Cat's Cradle—Son Volt's Trace remains a monument of alt-country, a true document of a time and place, the former being immediately post-Tupelo, the latter a Middle America filled with everymen and everywomen (and, well, Ronnie Wood). Trace will always be the sound of Jay Farrar's love affair with words, roads, plaintive guitars and a simpler, sepia-toned past. Flash-forward 15 years to American Central Dust, the latest from Farrar and current company and the band's first for the good-fitting label Rounder, and you hear the sound of romances rekindled. "Trying not to wear hearts on sleeves/ But that's the way it always seems to be," Farrar sings. And lo and behold, "Best since Trace," several reviewers have sung in response. No argument here. This time, though, Keith Richards is the spotlighted Stone, courtesy of the nod "Cocaine and Ashes." Sera Cahoone opens. The music starts at 9 p.m., and tickets start at $15. For more, see www.catscradle.com. —Rick Cornell
Musical Mix-Ups at Durham Cinematheque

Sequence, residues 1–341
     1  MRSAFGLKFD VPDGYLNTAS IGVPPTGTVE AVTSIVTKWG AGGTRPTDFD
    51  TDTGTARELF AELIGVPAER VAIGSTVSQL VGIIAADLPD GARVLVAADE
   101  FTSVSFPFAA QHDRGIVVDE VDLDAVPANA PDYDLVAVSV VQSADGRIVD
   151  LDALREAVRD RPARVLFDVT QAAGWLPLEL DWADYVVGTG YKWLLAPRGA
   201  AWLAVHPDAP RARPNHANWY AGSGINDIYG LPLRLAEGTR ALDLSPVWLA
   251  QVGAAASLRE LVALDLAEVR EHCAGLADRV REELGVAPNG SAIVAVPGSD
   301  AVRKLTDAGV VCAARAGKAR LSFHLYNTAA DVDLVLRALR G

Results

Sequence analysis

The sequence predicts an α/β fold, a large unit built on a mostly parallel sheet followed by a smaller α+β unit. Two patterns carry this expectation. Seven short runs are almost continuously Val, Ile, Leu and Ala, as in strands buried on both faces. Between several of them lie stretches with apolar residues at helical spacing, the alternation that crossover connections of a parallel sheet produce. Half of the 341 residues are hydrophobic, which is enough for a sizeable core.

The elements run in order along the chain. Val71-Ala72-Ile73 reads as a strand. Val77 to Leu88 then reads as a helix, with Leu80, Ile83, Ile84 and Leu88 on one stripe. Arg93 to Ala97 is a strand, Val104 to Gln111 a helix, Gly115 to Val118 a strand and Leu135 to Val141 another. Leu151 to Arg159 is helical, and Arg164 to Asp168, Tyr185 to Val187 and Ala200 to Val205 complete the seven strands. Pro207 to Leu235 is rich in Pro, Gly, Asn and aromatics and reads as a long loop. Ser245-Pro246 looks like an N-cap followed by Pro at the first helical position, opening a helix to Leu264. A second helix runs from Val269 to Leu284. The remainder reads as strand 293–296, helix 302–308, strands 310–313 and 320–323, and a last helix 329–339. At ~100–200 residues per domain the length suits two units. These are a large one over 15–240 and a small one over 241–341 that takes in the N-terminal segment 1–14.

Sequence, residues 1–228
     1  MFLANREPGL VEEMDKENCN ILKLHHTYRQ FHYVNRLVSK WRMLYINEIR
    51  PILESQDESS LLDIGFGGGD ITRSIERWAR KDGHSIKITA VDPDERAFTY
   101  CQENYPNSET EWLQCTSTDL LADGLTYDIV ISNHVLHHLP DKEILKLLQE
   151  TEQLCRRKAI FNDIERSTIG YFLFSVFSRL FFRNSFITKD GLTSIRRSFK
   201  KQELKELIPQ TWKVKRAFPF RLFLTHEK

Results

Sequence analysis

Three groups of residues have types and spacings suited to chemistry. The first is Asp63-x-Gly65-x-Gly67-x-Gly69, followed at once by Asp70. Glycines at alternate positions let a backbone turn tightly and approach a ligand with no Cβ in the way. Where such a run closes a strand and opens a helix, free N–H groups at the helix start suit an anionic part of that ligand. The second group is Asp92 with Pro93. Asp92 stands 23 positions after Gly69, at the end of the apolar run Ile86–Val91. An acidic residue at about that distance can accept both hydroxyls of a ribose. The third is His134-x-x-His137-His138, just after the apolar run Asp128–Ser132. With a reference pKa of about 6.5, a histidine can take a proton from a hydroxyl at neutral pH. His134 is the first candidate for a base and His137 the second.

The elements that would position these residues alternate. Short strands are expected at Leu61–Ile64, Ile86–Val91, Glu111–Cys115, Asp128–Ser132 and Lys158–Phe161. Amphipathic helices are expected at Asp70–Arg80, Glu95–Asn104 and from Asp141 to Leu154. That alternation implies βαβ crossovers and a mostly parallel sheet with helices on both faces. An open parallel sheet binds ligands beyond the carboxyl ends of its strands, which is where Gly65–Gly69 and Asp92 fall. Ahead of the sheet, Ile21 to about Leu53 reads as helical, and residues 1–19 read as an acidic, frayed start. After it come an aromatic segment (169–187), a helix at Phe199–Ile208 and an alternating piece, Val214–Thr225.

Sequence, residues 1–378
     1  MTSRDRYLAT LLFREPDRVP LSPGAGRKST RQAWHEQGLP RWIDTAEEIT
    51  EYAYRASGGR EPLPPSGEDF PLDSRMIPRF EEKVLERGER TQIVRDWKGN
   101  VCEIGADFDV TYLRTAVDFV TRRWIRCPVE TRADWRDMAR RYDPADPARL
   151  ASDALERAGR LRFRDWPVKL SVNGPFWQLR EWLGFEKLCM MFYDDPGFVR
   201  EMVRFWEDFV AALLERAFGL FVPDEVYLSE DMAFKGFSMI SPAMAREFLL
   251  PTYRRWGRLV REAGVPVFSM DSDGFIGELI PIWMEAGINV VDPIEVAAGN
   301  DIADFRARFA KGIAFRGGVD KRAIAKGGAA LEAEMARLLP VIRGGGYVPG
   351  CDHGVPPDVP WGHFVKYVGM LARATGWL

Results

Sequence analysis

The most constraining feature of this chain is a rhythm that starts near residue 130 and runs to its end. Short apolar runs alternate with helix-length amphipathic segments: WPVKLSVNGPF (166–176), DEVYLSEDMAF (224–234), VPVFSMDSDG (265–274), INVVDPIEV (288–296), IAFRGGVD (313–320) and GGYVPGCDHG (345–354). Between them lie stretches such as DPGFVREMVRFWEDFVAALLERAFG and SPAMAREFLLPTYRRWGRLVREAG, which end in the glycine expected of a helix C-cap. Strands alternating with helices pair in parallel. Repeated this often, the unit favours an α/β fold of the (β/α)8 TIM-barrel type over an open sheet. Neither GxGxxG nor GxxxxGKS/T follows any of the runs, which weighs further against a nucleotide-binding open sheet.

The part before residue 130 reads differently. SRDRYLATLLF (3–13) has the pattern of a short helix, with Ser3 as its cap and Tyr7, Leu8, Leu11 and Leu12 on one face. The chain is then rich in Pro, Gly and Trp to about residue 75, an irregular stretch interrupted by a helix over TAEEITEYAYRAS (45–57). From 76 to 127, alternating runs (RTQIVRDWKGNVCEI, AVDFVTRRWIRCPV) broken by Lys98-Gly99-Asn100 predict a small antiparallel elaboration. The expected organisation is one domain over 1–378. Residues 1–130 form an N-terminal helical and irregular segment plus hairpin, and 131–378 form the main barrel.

Durham Central Park—Among the passionate cinephiles who live and work in the region, Durham's Tom Whiteside occupies a singular niche as a specialist in preserving and presenting the startling array of experimental cinema that existed a century ago, in the medium's infancy. He does a lot of other things, too, including curating this outdoor film series in Durham's Central Park, on and off since 1991. Tonight's offering is Musical Mix-Ups, which we're told is a "unique program of musical numbers and comedy bits, with a touch of tragedy and a few really strange (funny strange) juxtapositions." Bring a blanket or lawn chair for the gathering, which begins around 8 p.m., with movies starting at dark. Rain location is across the street at the Farmers' Market Pavilion. Donations are appreciated. Visit www.durhamcentralpark.org.—David Fellerath
Network at Cinema Inc.
Rialto Theatre—Raleigh's film society Cinema Inc. kicks off its 2009-10 season with Network, Sidney Lumet's dark and biting 1976 satire of television news, which features Oscar-winning performances by Peter Finch and Faye Dunaway. Those who haven't seen the film in a long time will be interested to see how prophetic the film really is—it's entirely possible that our age of Fox News is even worse. The film begins at 7 p.m. Admission is by season ticket only, which is $20 for 12 films, but prorated subscriptions are available. For more information, visit www.cinema-inc.org. —Belem Destefani